Man who died directing Accra traffic

Man who died directing Accra traffic

Man who died directing Accra traffic
Man who died directing Accra traffic

Awudu’s passion was stronger than his poverty. And so, even though he had little, he gave much more.

When the sun rose, forcing everyone into making daily choices, the 48-year old man says his passion and not his pocket made those decisions.

It was to stand on busy streets in Accra, directing a deluge of cars as a volunteering traffic warden.

For 20 years. Yes.

Born Abdul Rahman Haruna, the boy had a dreamy start to life. He fantasized about joining the police or a career that regaled in berets, black shiny boots, and an authoritative uniform.

“I really love it. The way they dress and how they walk”, he told the film crew led by Shakiru Akinyemi in a documentary done in June 2019.

But formal education appeared not to be a family value and when his father died, it ended his apprenticeship training in tailoring.

Without skill or support, Awudu braced for the full force of poverty. And oh, it came. It boxed out a row of his teeth, punched his body into a lankiness of an unlucky man who lacks.

His eyes retreat into its socket, almost disinterested in seeing no more that life had to offer his broke boss.

And at night, Awudu would sleep at Awudome cemetery where he says he had countless nightmares and dreams in which he struggled with spiritual beings.

There are no proud East Legon cocks to crow in the morning, only ugly Awudome ducks to quack him out of his sleep.

He sold Apples and ‘NkatieBurger’ at Abelemkpe streets until one day, the traffic lights malfunctioned at the Kaneshie to Circle stretch of the road.

The Motor Traffic and Transport Unit (MTTU) dispatched a police officer to manage the traffic and Awudu would now get to see closely the men of uniforms he had long admired.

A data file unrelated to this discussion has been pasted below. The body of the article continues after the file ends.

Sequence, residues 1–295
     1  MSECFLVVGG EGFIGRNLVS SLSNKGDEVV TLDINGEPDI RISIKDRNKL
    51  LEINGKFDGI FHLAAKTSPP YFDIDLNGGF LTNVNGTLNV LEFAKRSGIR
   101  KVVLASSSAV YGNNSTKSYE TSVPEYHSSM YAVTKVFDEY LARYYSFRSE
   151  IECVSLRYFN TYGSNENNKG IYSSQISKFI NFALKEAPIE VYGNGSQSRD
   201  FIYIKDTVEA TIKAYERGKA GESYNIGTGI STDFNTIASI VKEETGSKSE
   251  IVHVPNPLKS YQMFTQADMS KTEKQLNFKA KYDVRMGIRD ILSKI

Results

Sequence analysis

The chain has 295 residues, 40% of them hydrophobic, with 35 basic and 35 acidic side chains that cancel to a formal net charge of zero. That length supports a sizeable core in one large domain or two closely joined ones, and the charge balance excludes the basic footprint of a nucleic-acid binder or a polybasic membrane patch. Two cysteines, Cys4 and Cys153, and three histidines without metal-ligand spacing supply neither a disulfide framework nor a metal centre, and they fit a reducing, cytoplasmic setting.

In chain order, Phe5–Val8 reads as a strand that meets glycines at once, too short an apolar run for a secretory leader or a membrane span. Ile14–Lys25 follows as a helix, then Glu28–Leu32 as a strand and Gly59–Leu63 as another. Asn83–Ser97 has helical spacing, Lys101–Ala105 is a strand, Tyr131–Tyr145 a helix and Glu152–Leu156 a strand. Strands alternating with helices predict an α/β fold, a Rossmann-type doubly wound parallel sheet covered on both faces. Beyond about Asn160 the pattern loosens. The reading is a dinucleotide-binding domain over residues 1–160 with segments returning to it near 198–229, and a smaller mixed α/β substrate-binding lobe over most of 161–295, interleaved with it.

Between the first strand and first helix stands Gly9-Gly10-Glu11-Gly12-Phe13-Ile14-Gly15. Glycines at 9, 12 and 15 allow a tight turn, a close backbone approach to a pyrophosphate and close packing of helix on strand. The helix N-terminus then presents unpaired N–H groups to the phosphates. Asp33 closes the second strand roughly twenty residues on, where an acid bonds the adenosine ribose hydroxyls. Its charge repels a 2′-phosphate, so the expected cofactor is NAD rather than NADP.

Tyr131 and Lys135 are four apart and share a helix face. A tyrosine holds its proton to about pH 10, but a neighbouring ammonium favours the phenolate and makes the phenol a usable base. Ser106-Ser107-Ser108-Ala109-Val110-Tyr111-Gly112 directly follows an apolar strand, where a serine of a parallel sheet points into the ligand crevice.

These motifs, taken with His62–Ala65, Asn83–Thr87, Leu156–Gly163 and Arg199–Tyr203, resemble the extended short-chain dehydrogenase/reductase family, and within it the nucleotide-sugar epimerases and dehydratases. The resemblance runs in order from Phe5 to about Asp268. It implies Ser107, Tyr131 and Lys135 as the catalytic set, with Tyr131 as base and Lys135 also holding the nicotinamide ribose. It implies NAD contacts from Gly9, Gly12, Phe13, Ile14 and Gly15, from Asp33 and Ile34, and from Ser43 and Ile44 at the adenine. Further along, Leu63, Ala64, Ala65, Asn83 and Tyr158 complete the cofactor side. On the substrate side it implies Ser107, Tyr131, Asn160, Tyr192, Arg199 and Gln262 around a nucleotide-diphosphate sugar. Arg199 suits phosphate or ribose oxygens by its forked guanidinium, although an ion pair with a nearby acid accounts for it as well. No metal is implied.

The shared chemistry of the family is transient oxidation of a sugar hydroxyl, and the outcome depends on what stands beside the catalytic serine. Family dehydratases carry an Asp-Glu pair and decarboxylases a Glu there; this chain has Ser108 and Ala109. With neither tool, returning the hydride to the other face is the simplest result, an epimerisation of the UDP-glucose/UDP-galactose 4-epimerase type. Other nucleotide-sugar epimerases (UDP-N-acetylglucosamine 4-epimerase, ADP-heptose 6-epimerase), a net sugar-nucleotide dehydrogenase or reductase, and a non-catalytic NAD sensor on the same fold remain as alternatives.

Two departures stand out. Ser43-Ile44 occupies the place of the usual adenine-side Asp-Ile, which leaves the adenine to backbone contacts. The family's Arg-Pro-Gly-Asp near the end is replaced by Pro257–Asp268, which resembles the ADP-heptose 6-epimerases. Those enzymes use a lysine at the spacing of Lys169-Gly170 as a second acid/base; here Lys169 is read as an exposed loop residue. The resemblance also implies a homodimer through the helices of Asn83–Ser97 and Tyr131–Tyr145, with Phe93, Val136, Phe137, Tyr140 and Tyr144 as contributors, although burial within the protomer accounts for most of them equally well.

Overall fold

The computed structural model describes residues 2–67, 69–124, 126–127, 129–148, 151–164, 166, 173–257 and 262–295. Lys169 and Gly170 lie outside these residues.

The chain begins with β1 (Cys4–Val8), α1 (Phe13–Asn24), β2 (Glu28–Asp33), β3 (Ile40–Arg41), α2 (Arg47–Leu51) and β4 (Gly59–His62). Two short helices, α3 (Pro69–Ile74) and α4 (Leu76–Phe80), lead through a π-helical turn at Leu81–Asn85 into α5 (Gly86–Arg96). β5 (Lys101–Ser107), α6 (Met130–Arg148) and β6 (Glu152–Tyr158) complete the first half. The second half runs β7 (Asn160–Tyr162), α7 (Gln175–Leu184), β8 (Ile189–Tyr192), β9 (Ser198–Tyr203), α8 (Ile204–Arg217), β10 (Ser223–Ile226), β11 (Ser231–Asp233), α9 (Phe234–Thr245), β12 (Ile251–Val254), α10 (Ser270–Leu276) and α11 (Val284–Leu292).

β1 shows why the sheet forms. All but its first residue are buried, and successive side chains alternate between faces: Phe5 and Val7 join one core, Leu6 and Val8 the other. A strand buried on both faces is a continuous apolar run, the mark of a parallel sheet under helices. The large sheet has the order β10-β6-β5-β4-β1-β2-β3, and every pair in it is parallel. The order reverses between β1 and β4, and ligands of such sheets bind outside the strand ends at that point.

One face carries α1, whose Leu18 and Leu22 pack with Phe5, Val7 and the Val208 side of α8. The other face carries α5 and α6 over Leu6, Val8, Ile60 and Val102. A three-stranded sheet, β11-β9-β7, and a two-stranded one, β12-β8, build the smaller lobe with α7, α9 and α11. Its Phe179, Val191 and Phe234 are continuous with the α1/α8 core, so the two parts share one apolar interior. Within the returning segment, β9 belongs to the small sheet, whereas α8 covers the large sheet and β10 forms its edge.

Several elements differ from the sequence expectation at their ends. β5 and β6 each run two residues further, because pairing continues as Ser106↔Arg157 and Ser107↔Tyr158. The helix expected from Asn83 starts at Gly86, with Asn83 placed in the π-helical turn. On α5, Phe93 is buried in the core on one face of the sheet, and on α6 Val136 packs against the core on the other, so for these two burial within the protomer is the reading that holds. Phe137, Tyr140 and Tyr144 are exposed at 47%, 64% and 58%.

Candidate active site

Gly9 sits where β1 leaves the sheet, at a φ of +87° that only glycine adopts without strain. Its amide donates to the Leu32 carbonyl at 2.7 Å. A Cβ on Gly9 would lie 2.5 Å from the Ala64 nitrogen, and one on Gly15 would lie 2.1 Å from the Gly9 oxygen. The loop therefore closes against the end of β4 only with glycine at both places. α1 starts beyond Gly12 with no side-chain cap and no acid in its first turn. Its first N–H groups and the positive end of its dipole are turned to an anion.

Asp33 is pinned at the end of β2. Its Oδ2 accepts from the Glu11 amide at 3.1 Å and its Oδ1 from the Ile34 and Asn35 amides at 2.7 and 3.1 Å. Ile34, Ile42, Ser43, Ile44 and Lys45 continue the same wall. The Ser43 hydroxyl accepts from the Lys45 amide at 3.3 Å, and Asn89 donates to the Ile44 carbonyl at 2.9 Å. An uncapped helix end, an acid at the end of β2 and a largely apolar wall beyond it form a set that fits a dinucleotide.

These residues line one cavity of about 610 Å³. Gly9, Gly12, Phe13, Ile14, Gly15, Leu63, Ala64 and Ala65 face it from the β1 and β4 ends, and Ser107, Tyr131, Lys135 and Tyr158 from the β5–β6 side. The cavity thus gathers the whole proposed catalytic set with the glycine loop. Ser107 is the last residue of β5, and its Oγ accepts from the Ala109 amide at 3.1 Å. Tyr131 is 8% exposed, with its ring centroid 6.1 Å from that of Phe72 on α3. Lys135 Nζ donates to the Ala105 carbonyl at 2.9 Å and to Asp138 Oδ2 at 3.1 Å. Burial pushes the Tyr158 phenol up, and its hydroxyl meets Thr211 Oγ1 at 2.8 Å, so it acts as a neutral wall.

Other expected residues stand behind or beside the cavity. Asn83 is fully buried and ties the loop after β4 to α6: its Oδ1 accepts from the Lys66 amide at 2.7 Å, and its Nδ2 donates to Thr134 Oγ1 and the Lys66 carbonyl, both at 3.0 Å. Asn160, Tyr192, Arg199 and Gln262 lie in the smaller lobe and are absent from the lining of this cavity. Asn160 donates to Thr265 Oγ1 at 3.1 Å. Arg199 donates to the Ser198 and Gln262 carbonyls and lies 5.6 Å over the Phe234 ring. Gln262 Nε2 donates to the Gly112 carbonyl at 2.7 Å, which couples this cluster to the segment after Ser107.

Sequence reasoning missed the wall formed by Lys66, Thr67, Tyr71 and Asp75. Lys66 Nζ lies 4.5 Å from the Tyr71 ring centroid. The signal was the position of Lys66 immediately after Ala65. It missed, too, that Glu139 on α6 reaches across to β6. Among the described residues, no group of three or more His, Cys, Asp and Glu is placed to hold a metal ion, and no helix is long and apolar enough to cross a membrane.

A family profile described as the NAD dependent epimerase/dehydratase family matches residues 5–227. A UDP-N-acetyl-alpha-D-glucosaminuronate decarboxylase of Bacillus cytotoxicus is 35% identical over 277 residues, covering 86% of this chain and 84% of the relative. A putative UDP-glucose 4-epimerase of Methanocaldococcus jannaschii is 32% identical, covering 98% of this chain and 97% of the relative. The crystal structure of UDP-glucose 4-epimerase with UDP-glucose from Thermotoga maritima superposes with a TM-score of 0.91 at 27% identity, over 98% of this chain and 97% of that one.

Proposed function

“He was directing traffic while we sold our items. He started work in the morning and had a fixed closing time. The policeman and I struck a friendship”

“He liked me…so when leaving he said ‘oh boy I am leaving”, a cue to the hawker to take over.

And he did.

“I stopped selling apples and Nketia burger to direct traffic only,” he said with a sense of satisfaction.

Awudu would not get a beret but he made it up with a blue cap. And he would not get a uniform, a philanthropist impressed with his industry and selflessness compensated him with reflectors.

He got no boot. Only a worn-out sandal. He would glow in his cramped white shirt and held in his left hand a small round and red board with a white inscription, STOP.

For the first time in his life he began to feel his place in society and in his poverty, he gave more to society from his rich reservoir of selflessness and passion.

There was a feeling of rare power inside him when in lifting up his hand, a fleet of vehicles would stop on his left while he beckons another tired fleet on his right to drive off.

People began to pay attention to him.

“Now they have made National Service Personnel become part of the traffic directing situation. You see what his work has done?” a journalist with the Ghanaian Times Lawrence Markwei praised him.

“He is an unsung hero”.

“Those who are supposed to do the job are not doing it….most of the MTTU police know this guy because he has been doing the job after more than 15 years” Enoch Kelvin Ofosu, an ‘Okada’ rider testified.

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